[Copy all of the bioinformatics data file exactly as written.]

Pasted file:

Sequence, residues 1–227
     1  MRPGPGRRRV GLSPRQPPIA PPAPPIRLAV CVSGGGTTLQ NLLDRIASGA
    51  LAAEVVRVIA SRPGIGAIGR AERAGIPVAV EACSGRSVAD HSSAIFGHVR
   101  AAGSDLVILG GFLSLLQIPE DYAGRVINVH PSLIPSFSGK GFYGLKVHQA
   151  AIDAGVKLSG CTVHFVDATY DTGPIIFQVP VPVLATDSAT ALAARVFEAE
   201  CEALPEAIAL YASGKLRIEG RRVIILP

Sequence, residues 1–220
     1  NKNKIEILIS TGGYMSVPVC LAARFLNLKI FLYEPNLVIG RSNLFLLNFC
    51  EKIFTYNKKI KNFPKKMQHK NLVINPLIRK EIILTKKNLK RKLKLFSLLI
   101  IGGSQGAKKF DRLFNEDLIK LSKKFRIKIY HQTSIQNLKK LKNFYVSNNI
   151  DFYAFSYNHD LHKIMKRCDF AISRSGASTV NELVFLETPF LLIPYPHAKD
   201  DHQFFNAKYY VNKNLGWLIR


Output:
Sequence, residues 1–227
     1  MRPGPGRRRV GLSPRQPPIA PPAPPIRLAV CVSGGGTTLQ NLLDRIASGA
    51  LAAEVVRVIA SRPGIGAIGR AERAGIPVAV EACSGRSVAD HSSAIFGHVR
   101  AAGSDLVILG GFLSLLQIPE DYAGRVINVH PSLIPSFSGK GFYGLKVHQA
   151  AIDAGVKLSG CTVHFVDATY DTGPIIFQVP VPVLATDSAT ALAARVFEAE
   201  CEALPEAIAL YASGKLRIEG RRVIILP

Sequence, residues 1–220
     1  NKNKIEILIS TGGYMSVPVC LAARFLNLKI FLYEPNLVIG RSNLFLLNFC
    51  EKIFTYNKKI KNFPKKMQHK NLVINPLIRK EIILTKKNLK RKLKLFSLLI
   101  IGGSQGAKKF DRLFNEDLIK LSKKFRIKIY HQTSIQNLKK LKNFYVSNNI
   151  DFYAFSYNHD LHKIMKRCDF AISRSGASTV NELVFLETPF LLIPYPHAKD
   201  DHQFFNAKYY VNKNLGWLIR